During the month of August, the Last Word On Pro Football will be breaking down every division in the league by position. This is the 2019 NFC North offensive breakdown. There is “the best” of each unit, followed by “the rest” in descending order.
2019 NFC North Breakdown by Position: The Offense
2019 NFC North Breakdown by Position: The Defense and Special Teams
The Best: Green Bay Packers
The Rest: Chicago Bears, Detroit Lions, Minnesota Vikings
When looking at the NFC North breakdown by postion for the offense, there is only one choice for who has the best quarterback room in the division. The Packers may have a new regime in place, but they do bring back two-time NFL MVP Aaron Rodgers to lead this team in 2019. The Packers’ signal-caller is one of the game’s all-time greats and has a stellar 41-18-1 record against NFC North rivals. Entering his 11th season as the team’s starter, Rodgers will be looking to bounce back from an off-year by his standards. DeShone Kizer is heading into his second season as the backup in Green Bay. He has shown a lack of consistency but the raw talent and potential are obvious with Kizer.
The next three quarterbacks are all very close in the rankings. Matthew Stafford is the second-best quarterback in this division, but he has already shown his ceiling in this league. There have been talks of the Lions moving on from Stafford, but he has never really had a well-constructed team around him. Mitch Trubisky of the Bears is almost the opposite. He is very athletic and has shown flashes in his first two seasons but doesn’t have the toughness and leadership ability that Stafford possesses. Chase Daniels is a much better safety valve at backup quarterback than anything the Lions have, so they get the bump when looking at the whole depth chart. The team constructed around these quarterbacks takes a lot of pressure off. Kirk Cousins is like Stafford-lite. He provides great statistics every year but doesn’t show up in the biggest moments. He has more to prove than any other quarterback in this division.
The Best: Chicago Bears
The Rest: Minnesota Vikings, Green Bay Packers, Detroit Lions
The Bears top this position in the NFC North breakdown to their proven talent and young potential. Tarik Cohen has already shown what he can accomplish in Matt Nagy’s offense, accumulating almost 1,200 yards of offense in 2018. He is an electric return man and run-after-catch specialist out of the backfield. The team shipped off leading rusher Jordan Howard to the Philadelphia Eagles this off-season. Then they traded up in the third round of the 2019 NFL Draft to secure the services of David Montgomery from Iowa State. He should be an impact contributor right away. Mike Davis makes for a perfect third-string runner that can do a bit of everything and shines in the passing game. The team might not have a true workhorse back but could have one of the best running back committees in the league in 2019.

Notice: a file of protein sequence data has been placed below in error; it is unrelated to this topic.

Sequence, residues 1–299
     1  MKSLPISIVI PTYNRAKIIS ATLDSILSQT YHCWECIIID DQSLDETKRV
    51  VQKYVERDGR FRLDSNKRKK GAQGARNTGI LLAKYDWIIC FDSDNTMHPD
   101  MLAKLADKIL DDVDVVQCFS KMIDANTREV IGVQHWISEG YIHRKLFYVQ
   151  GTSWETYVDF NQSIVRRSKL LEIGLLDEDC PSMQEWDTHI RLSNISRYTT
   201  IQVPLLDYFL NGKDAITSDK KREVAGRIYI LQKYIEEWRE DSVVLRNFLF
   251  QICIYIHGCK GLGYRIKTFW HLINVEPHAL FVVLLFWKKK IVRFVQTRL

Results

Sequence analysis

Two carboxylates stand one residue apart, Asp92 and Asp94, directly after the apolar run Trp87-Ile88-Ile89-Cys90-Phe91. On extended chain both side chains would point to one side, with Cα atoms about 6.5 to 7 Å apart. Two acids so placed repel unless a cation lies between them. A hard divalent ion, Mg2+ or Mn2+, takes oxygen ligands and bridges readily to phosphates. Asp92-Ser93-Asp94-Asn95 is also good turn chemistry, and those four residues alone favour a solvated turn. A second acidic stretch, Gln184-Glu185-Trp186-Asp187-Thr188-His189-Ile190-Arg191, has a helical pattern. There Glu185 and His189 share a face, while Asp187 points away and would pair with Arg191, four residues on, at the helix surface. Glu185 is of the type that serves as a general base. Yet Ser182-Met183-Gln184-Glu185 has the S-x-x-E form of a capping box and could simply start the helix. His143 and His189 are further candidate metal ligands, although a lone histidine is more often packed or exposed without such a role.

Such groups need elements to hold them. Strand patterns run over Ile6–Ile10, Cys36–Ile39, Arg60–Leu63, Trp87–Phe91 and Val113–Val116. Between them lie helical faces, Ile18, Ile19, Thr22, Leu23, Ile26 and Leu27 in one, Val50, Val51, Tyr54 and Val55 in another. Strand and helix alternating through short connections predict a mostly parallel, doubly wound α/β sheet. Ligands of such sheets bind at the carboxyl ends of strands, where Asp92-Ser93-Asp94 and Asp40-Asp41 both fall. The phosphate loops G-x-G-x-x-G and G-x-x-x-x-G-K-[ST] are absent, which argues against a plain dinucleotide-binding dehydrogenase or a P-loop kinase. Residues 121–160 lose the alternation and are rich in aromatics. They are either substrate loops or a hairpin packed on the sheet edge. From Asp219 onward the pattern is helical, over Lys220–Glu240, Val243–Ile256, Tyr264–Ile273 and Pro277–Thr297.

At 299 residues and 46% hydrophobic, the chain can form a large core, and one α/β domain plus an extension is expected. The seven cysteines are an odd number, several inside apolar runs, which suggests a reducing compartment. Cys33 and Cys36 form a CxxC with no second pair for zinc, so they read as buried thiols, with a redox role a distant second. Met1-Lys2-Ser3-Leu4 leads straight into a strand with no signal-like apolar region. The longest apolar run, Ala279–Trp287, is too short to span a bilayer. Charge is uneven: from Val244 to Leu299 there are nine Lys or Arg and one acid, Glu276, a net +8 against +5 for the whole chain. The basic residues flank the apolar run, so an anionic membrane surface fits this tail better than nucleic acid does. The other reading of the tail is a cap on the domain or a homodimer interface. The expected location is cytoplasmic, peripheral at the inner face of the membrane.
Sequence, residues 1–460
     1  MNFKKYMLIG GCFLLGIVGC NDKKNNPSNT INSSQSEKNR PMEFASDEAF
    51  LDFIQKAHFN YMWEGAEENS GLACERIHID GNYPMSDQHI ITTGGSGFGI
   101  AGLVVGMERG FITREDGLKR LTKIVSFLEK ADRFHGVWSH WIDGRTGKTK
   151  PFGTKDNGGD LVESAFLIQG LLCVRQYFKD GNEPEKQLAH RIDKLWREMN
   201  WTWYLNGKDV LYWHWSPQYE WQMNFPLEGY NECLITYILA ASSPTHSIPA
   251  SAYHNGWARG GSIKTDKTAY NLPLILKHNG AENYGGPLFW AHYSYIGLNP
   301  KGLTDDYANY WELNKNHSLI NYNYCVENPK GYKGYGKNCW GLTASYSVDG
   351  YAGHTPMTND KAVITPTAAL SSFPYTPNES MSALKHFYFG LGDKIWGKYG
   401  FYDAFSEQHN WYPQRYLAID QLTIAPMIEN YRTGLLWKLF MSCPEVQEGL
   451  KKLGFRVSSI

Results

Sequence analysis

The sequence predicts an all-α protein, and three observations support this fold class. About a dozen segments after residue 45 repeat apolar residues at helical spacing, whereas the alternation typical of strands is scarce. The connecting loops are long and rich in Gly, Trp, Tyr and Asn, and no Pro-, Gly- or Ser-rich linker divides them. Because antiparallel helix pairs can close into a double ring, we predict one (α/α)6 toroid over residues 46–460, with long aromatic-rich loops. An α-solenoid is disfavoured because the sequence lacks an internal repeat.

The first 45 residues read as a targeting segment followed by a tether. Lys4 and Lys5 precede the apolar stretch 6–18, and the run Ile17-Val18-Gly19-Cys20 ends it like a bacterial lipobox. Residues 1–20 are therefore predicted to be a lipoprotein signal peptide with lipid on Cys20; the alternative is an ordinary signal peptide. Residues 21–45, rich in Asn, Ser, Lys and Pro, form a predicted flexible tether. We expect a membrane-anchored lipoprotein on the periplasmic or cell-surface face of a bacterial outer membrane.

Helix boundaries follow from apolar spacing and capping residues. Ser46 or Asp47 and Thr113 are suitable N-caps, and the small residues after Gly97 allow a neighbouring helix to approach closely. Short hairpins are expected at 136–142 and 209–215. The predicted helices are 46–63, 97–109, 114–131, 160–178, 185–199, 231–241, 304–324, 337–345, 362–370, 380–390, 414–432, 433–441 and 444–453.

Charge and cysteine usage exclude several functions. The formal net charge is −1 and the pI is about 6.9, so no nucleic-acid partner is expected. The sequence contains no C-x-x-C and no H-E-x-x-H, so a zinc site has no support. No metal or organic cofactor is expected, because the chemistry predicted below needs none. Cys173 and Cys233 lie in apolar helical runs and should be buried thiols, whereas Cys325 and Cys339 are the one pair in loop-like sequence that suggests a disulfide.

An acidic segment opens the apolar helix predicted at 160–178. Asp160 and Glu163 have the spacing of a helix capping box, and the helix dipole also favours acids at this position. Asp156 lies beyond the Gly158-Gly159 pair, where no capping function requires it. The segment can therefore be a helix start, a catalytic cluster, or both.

The Minnesota Vikings could have the best running back in the division if he can stay healthy. Dalvin Cook has looked like an explosive three-down back when on the field. He has only played in 15 games over two seasons, though. Third round rookie Alexander Mattison may cut into Cook’s carries more than many believe. Preseason standout Mike Boone and ex-Lion Ameer Abdullah are fighting for the third spot on the depth chart. This team is very top-heavy at running back. If Cook gets hurt again this team could be in serious trouble.
The Packers and Lions have similar outlooks in the backfield. Both Aaron Jones and Kerryon Johnson are young explosive backs that haven’t had the opportunities to truly show how great they are. That could change this season as both appear to be the head men in their respective committees. They also have bruising tailbacks behind them. Jamaal Williams has performed well when Jones has been out of the lineup. C.J. Anderson was on the street before a nice renaissance in the second half of the season with the Las Angeles Rams. He compliments Johnson well and should be more effective than LeGarrette Blount last year.
The Best: Minnesota Vikings
The Rest: Chicago Bears, Green Bay Packers, Detroit Lions
Easy decision here. The Vikings have one of the best wide receiver duos in the NFL entering 2019. Stefon Diggs and Adam Thielen are exceptional route runners that have similar skill sets on the outside. Either has the versatility to succeed in the slot as well. Each has incredible hands which allows them to make contested catches in traffic despite neither possessing top-notch speed. Both Diggs and Thielen had over 1,000 yards and nine touchdowns last year. Thielen started off to a historic pace, tying the NFL record for straight 100-yard receiving games. He did it in the first eight weeks. There is a staggering lack of depth behind these two, though. Former first-round pick Laquon Treadwell has severely disappointed and will most likely not be on the roster next year. There have been reports that second-year pro Chad Beebe has been outperforming Treadwell. He has just four receptions to his name.